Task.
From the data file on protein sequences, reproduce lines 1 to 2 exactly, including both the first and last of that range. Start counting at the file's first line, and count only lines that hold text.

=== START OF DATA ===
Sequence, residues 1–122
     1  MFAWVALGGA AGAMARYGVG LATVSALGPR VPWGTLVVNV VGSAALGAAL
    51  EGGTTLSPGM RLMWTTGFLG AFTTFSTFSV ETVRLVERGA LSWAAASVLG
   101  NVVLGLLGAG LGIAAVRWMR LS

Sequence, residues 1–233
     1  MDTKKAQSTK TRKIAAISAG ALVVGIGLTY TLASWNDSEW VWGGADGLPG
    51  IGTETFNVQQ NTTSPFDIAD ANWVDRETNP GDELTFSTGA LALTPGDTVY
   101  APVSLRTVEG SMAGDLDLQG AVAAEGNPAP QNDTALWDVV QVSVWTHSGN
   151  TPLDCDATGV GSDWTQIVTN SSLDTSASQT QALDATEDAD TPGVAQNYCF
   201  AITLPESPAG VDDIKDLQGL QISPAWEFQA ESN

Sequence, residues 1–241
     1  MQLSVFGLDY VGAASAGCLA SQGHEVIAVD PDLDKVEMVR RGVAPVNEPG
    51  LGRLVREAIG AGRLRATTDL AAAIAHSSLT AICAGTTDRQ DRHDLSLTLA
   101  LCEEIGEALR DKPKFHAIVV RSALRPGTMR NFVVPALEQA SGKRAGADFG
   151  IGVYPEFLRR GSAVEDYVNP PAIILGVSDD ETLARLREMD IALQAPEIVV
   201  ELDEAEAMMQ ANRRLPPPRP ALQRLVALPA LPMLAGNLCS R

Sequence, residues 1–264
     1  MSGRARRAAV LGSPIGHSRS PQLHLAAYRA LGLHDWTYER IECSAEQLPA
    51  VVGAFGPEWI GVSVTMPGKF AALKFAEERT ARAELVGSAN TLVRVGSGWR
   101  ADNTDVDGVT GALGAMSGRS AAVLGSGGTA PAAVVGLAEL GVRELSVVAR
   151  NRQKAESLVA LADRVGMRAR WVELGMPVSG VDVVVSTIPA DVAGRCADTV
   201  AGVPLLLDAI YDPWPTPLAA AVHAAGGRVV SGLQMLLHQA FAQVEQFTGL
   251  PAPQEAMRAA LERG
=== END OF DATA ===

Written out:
Sequence, residues 1–122
     1  MFAWVALGGA AGAMARYGVG LATVSALGPR VPWGTLVVNV VGSAALGAAL